NOT sitting comfortably – but rather “walking and talking” during the blistering last week of May – outgoing Lord Mayor Danny Baker tells the Andersonstown News that he got “stuck in” to the role of First Citizen in what has been a whirlwind six months.
The Sinn Féin Colin Councillor took over the mayoral chain when party colleague John Finucane was elected MP for North Belfast back in December.
“I was nervous about it, even becoming a councillor you are putting your head above that parapet, this was another step up the level for me and one that I wasn’t going to turn down," he revealed.
“I didn’t know what to expect but once the being nervous bit went to the side, the excitement kicked in and I just got stuck in, everyone was brilliant with me,” he said.
As a very “hands on type of person” Danny spoke of how that side of his personality helped him meet with different groups and individuals from across the city.
“I enjoy interacting with people, I’m very much a people’s person. I have always found it easy to go into a room to talk to people. Even with the ‘suits’, at business events I was always very open, myself.
“I remember at an event telling a joke about my tie, about my suit. I didn’t even have a suit when I became Mayor. I mean, everyone has a black suit in the wardrobe but I had put on a couple of pounds and I had to go get one.
“It was around Christmas time and thank God the shops were open late. I bought one in a size thinking ‘I’m still slim Jim Danny’, in Marks and Spencer but it was too short and I had to bring it back. It was a case of back out again to make sure I had a suit for the next day. I took it all in my stride, it was a lot of fun,” he laughed.
Danny revealed that he found a letter from “comrade and friend” John Finucane, in the Mayor’s Parlour “wishing me well”.
“In the letter he wrote that my mum Edna would be very proud of me as he was, he wrote that I would excel at the job.”
On the challenges of being Mayor during and throughout the current Covid-19 pandemic, Danny replied: “I was interviewed by the Andersonstown News on March 18, just as lockdown was kicking in. In January we didn’t know what was coming and how our lives would change so dramatically. Taking the decision to cancel the St Patrick’s Day celebrations was a big one, I know that it annoyed other members of council at the time but I think when we look back on it, it will be our collective moment where we saved lives.”
The father-of-three said that a highlight for him as Mayor was doing the honours at the opening of the new Brook Leisure Centre in the heart of Twinbrook.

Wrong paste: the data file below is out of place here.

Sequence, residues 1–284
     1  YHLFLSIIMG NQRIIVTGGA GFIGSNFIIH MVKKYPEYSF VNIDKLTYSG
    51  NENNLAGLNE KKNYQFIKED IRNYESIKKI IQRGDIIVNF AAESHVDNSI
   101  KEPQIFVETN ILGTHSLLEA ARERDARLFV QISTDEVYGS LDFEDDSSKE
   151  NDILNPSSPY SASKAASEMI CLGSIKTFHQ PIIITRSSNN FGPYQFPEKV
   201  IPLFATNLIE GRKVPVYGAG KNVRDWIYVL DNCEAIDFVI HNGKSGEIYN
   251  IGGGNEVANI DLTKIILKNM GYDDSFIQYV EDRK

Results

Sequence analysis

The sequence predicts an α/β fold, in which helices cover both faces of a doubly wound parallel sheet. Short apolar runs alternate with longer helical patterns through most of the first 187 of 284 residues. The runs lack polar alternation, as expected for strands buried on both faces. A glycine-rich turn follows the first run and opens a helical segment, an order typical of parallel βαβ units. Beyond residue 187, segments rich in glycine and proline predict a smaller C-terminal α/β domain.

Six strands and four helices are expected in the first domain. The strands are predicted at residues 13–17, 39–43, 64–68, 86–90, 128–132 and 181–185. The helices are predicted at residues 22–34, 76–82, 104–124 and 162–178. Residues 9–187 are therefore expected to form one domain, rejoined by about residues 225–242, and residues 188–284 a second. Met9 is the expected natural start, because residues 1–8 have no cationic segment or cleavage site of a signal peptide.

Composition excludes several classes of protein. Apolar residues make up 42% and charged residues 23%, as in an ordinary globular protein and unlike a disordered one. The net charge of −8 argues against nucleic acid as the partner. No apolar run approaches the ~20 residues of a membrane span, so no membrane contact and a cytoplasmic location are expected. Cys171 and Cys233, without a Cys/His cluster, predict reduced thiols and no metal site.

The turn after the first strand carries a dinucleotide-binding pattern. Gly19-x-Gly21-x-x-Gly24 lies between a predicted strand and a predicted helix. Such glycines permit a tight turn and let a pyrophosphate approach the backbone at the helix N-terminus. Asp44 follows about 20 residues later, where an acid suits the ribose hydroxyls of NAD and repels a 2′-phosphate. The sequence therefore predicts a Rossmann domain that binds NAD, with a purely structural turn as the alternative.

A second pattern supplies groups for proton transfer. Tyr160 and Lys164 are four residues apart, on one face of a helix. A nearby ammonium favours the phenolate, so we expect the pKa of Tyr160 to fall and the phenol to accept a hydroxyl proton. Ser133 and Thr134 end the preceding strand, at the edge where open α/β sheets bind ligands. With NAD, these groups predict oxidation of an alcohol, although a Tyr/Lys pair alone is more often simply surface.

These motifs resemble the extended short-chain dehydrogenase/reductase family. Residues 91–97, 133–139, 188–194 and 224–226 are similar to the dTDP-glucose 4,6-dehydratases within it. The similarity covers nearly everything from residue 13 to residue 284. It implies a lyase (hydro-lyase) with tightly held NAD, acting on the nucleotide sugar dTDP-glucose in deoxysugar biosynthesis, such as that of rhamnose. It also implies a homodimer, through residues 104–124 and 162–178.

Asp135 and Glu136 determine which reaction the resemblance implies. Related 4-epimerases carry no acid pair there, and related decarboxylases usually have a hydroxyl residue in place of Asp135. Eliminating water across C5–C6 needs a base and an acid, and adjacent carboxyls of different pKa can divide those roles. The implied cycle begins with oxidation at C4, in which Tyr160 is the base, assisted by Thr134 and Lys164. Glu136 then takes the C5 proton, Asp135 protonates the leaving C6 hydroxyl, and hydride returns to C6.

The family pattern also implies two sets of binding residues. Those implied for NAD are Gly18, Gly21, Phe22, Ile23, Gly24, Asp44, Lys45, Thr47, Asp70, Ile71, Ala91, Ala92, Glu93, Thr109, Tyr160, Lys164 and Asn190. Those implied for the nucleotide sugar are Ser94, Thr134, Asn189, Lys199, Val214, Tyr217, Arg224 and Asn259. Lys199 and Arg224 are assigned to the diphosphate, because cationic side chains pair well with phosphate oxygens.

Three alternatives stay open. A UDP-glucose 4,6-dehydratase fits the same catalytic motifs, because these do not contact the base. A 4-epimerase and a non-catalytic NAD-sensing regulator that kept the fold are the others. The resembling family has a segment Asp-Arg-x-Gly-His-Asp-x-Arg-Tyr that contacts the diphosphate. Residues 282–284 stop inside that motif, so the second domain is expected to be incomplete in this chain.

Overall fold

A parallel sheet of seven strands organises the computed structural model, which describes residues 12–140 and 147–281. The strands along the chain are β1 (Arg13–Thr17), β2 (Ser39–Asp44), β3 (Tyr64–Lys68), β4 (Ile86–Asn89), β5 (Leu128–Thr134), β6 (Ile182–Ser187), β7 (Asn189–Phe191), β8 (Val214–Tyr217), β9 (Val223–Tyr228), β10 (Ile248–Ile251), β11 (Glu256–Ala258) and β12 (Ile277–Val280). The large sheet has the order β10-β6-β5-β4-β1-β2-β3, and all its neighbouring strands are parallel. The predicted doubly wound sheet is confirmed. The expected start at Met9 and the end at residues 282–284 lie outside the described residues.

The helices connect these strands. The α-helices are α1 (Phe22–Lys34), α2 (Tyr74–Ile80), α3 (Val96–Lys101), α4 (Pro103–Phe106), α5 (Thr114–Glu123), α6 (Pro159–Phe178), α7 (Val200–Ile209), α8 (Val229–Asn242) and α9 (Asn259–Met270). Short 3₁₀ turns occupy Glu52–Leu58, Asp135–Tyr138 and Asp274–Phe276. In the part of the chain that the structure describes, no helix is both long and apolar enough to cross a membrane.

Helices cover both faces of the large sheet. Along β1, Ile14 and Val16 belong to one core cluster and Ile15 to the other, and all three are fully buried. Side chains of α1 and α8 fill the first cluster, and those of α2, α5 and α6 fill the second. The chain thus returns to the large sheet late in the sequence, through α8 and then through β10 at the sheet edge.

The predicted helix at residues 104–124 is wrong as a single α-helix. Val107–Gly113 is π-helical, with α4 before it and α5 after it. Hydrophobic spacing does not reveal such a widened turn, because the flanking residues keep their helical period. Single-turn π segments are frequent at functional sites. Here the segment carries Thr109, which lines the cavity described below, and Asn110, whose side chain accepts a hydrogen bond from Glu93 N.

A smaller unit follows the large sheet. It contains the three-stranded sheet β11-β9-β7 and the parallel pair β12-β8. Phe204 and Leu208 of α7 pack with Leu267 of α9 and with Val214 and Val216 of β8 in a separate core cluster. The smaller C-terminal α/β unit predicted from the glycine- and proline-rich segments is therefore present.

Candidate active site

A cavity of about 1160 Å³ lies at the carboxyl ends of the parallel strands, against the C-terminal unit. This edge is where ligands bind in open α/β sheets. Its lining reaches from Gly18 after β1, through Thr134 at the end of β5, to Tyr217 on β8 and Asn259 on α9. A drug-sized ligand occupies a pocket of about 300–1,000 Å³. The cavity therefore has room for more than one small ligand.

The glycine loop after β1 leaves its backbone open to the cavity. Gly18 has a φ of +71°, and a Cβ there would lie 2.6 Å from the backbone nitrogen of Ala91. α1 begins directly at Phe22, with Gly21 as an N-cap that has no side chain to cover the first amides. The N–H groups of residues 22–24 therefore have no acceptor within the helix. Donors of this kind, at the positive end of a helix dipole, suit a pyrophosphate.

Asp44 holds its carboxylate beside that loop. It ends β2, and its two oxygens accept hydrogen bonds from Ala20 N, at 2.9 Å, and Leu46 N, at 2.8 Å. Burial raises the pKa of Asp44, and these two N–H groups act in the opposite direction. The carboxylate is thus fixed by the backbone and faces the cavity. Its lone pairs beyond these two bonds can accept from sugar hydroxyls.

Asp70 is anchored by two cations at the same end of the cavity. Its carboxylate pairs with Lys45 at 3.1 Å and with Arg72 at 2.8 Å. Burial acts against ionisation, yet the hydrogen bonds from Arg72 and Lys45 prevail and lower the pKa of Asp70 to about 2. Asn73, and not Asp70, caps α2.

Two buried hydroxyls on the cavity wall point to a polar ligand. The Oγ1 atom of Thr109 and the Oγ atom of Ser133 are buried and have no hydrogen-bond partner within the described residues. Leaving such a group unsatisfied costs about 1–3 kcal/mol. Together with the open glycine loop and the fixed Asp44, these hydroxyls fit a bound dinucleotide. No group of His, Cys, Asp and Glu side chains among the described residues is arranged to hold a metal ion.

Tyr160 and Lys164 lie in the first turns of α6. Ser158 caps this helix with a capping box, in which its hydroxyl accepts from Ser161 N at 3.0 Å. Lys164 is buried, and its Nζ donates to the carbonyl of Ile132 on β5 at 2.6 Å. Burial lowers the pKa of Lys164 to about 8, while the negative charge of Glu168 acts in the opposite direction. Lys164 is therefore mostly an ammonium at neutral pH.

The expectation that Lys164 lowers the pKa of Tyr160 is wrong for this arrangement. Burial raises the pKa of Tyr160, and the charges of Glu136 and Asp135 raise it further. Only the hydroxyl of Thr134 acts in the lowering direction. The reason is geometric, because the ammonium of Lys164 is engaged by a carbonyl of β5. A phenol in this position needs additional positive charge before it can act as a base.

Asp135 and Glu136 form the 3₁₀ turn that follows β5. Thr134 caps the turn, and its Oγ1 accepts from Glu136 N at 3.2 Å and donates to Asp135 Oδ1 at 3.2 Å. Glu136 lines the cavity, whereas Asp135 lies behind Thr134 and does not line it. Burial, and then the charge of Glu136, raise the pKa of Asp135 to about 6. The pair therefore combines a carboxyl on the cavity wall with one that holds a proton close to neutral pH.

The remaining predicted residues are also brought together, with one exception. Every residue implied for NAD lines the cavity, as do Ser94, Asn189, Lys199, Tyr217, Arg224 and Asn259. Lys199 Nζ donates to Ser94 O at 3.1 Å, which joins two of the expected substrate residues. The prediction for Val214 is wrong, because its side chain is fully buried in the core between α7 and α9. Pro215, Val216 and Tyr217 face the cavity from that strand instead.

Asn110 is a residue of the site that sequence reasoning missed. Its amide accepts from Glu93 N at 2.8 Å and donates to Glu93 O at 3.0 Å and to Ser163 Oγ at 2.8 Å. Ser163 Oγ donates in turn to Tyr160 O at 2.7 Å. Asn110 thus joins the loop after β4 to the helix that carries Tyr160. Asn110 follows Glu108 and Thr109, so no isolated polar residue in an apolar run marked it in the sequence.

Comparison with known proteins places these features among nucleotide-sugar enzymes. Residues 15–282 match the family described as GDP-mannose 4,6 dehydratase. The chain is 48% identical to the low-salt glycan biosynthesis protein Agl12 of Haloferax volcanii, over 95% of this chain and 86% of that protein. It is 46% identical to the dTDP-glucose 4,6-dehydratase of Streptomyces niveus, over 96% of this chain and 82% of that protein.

“It has to be one of the biggest highlights for me. Not only did we have such little investment in the Colin area all those years under Lisburn Council, we were deprived, there is no questions about it. When we moved to Belfast City Council in 2015 we have seen massive investment in the area and across West Belfast.”
He continued: “I went to St Colm’s and I remember looking out the window from the class and where the Brooke centre is now – it used to be an old field. There were burnt out cars on it, this was the early 90’s, the British army used to land their helicopters on it. My memory of it was always heavy armoured vehicles on it going through the area. To stand in what is now a £15 million investment for my children is testament to how far we have come. We aren’t finished by a long while, I would like to see a health hub and a brand new post-primary built.”
When the chain is handed over to the DUP’s Frank McCoubrey on Monday, the 38-year-old said he will look back with “pride” on the last six months.
“It was such an honour to have the role. I got a lot out of the groups I met, including Down Syndrome support charity Ups and Downs. On a personal level I got a lot out of that meeting, I made friends for life. I welcomed Eimear Smyth’s dad Sean into the parlour as part of Donuts for Donors Day. It was a great event and again, I made another friend for life. Here was a heartbroken father, who had lost his daughter and everyday he is keeping her memory alive and helping others, he is an absolute gentleman.”
“My message is really to our young people out there. I failed my 11-Plus, I had very modest GCSEs, I kept my head down and got my degree later on in life. If I can make it to councillor, to Mayor, doing a job that I love then I say don’t let anyone say to you or tell you that you can’t do it because you can.”